In your relationships, have you ever been in attendance, but not really present; or have you ever wondered why a close friend suddenly becomes distant and out of reach? Have you ever been frustrated by the thought -hey, I’m doing all the heavy lifting here…how about some help?
I am reminded by my friendships that it takes two full participants to make a true relationship. It’s the same with my relationship with God. I need to remember that God is always knocking at my door. To be in proper relationship with him, I need to be present, not just in attendance, at the door; and I need to be watching with the eyes of faith. I need to be prepared to answer at whatever door or form he reveals himself to me.
Some years ago I recall I was regularly in attendance but not present with God. I remember over twenty years ago, our first Sunday at our new church; I quietly surveyed the large congregation, and I zeroed in on our “new” pew. I led the family to the vacant 3rd pew from the back of the church. I did this quickly to head off my wife’s preference for sitting at or near the front of the church. At this point of my spiritual life, I was an attend-at-the-back-of-the-church, preferably under-an-hour-Mass, kind of guy.
I wanted to worship at the altar of parish anonymity. From our new pew, staring at the backs of the heads of nearly 700 total strangers this fit the bill perfectly. Sitting up front, someone might notice us, and invite us for coffee and donuts, or ask us to join some committee or club. No sir, not me. I’m just here for my Sunday hour obligation. It’s funny how God can have other ideas.
We settled into our new pew, about a mile and a half from the altar. My wife started to cool down from my insistence we sit so far away. I heard the choir start to tune up, the candles were lit, and I sat back for a nice hour (with luck…) of random thoughts about the upcoming week’s activities, a game on TV later on that day, where we’d eat lunch, etc. As I drifted off into my pre-Mass thoughts, I felt a firm tap on my shoulder.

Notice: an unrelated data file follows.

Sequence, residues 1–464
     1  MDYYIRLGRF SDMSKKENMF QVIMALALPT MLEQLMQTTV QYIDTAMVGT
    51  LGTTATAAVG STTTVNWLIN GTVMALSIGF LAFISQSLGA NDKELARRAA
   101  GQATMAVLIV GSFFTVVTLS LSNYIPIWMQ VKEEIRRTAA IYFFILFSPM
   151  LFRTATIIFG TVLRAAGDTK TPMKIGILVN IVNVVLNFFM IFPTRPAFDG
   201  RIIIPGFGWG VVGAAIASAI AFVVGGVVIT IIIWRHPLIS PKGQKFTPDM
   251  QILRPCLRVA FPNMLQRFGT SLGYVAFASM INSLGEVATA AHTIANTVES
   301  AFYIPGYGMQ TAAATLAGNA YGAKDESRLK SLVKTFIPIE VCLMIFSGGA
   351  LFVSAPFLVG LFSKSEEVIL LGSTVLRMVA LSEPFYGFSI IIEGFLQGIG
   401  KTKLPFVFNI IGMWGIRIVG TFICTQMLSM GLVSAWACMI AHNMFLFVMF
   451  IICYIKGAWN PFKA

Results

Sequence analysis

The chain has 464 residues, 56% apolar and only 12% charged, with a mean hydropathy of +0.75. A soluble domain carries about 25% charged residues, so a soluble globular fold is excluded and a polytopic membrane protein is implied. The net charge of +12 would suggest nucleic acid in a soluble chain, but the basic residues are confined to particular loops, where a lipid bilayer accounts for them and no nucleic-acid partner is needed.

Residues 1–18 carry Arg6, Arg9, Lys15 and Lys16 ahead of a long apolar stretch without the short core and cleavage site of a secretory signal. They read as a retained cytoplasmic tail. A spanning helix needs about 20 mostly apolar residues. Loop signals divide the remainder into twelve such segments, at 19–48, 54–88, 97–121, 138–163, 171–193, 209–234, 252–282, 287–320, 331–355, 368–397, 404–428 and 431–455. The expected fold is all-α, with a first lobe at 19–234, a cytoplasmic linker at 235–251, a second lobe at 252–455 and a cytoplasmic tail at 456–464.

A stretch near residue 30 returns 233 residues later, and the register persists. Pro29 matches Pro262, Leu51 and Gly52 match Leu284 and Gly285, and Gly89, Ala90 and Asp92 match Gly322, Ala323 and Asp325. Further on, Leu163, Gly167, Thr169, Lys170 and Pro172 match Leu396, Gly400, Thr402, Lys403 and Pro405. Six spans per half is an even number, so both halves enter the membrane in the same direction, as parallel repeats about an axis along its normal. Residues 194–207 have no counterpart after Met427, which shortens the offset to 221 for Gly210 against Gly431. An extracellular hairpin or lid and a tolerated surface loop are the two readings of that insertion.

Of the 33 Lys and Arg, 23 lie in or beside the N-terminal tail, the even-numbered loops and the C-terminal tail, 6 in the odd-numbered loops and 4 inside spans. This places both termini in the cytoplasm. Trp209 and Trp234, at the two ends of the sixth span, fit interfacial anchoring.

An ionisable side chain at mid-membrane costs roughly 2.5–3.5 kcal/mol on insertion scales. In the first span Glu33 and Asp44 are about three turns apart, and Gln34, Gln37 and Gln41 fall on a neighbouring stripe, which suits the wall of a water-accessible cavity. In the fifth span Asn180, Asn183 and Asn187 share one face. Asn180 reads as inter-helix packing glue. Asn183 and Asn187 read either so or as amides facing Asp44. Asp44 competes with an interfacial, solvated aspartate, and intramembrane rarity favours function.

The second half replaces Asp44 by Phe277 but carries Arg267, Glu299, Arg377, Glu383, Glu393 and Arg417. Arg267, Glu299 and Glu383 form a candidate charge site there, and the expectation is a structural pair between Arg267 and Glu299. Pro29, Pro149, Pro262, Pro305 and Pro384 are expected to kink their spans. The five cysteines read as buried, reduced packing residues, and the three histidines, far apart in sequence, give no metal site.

“Would you and your family like to bring up the gifts today,” a friendly older usher asked? His kindly face smiled. However, his big farmer-sized hand remained solidly on my shoulder waiting on an answer.
I am hard headed. I admit that. And in that hard-headedness, I refused to respond to God’s call that Sunday morning. Oh, we did take up the gifts, I didn’t want to mess with that usher, but right after the recessional hymn I hurried our family out of the church; and then I barely did more than fulfill my minimum religious obligations …for the next six years!
In the Gospel Jesus tells me: “Ask and it will be given to you; seek and you will find; knock and the door will be opened to you. For everyone who asks, receives; and the one who seeks, finds; and to the one who knocks, the door will be opened.” (Matthew 7:7-8)
So how does this work? It’s mysterious and all that, but on the one hand, I’m surfing along the outer margins of any kind of spiritual life, and God -through that usher, taps me on the shoulder, knocks on my door. But I don’t answer; I’m spiritually AWOL. And then there are times, when I’m knocking, knocking, knocking on God’s door, but no one seems to be at home? It can be very frustrating. God must have the same thought over the years about me.
This reminds me of an essential piece of good relationships: patience. God called me. I wasn’t ready and so he waited. He quietly, but persistently hung around, just like a good friend would do. And then, I need to be patient too. When I can’t find God in my life, maybe I should take a break from knocking down doors where I think he is, and just sit in his quiet for a while, and listen. Maybe then I can hear his tap at a door I wasn’t even watching before.
As you search for God, keep in mind, he is always reaching out to you too. But if your search is isn’t producing fruit, ask yourself: do I have my eyes focused on something else, or on one particular door -the one door I’ve chosen; am I being patient enough to allow God to speak to me?
Good friends always know how to find each other. With God, sometimes that means being present at all the doors of your spiritual home, fully present, with patience.